Open the floodgates to IT immigration

Forget about H-1B. What we need is fast-track citizenship for every developer who wants to work in the United States

Every time I write about immigration or offshore IT talent I get flamed, so here goes – I'm putting on my thick skin.

A couple articles caught my eye this week: one about Microsoft opening an R&D facility in Canada to get around U.S. immigration restrictions, and one about Silicon Valley companies pulling back some jobs from India, where salaries are skyrocketing.

Both these articles just screamed out to me, We must open the floodgates for "IT immigrants," and fast. As Ronald Reagan said, "Tear down this wall."

Before you start cussing me out, some disclaimers: I was born in the United States and speak English only, but all four of my grandparents came over on a boat (mostly steerage). So I'm biased toward the power of immigrants to make the United States a better place. I'm also not a developer, so I don't view developers worldwide as competition for my job (just the zillion starving writers out there, but that's another story).

So here's my proposal: Let's roll out the red carpet and try to get as many developers coming to the United States as the total number of people who normally enter the country each year (about 1.3 million legally or illegally, according to the Center for Immigration Studies). If they can prove they can code, let's give them immediate citizenship, free food, coupons for free movie rentals, whatever, to get them to come and stay (and while we're at it, let's give free food and coupons to all American-born developers too).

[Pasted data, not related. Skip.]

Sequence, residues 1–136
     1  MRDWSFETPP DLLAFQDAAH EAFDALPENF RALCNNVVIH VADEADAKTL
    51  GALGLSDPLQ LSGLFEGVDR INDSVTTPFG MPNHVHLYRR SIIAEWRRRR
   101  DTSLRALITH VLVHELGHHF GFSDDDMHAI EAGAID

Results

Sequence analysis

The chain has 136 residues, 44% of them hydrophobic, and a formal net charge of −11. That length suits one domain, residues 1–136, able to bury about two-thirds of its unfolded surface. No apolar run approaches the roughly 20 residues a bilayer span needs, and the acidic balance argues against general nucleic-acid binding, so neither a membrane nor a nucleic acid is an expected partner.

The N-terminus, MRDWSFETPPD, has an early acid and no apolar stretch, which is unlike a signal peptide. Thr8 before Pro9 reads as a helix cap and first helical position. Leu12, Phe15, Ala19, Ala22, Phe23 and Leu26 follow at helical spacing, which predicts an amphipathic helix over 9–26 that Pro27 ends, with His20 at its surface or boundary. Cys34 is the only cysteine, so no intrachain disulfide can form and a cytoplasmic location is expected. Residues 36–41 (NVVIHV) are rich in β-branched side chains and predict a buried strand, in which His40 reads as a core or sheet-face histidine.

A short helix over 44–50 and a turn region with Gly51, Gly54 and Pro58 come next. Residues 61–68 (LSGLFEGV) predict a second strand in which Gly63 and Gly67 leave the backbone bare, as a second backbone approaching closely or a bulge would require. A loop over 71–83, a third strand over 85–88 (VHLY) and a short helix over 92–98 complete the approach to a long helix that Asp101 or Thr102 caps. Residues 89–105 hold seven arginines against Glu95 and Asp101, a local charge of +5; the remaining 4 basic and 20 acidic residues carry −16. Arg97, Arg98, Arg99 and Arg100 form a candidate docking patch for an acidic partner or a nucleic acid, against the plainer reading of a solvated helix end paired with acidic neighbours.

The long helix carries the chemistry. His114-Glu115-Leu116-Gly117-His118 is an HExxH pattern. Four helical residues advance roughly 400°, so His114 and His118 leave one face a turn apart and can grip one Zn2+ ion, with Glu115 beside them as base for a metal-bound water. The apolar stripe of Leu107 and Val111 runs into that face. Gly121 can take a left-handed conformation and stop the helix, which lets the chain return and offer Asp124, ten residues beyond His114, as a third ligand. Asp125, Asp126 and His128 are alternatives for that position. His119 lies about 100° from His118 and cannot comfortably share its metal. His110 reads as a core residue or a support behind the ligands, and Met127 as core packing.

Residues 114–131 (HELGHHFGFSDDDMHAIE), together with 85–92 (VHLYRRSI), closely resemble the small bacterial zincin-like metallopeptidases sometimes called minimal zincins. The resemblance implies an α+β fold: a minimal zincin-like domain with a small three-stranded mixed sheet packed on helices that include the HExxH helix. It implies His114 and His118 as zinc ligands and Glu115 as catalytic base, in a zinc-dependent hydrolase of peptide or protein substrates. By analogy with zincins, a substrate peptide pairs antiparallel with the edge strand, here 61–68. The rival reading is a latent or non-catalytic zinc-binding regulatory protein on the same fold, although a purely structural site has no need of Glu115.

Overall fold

By "immediate citizenship," I'm talking about a LAMP (Linux Apache MySQL PHP) visa with no expiration and a clear path to full citizenship. If you ask me, the H-1B visa debate is ridiculous – the numbers are too small to be meaningful, the visa creates a group of noncitizens companies can take advantage of, and the result is uncertainty for potential IT immigrants, not a long-term incentive.

Why so radical? The United States isn't growing enough technologists organically through our education system to compete, so let's acquire and assimilate them. They'll create growth, jobs, companies; pay taxes; and help raise our national standard of living. Or they'll go somewhere else and do it there.

If Microsoft is so desperate for foreign talent that it will open a major R&D lab across the border in Vancouver just to skirt U.S. immigration laws, that should tell you something. IT talent, like water, will flow around obstacles. We have a dam when we need a canal.

What about U.S. companies pulling back jobs from India? Doesn't that mean we're already competitive enough and don't need more developers here? Far from it. All that means is that India's talent base is maturing and the world is turning to it for IT talent, investing capital and building businesses there. It means the United States is now relatively less attractive to those Indian developers than it was even one year ago. Let's drop the xenophobia, folks, and start viewing IT immigration as the huge opportunity it is.

To get this column delivered to your e-mail inbox every week, sign up here.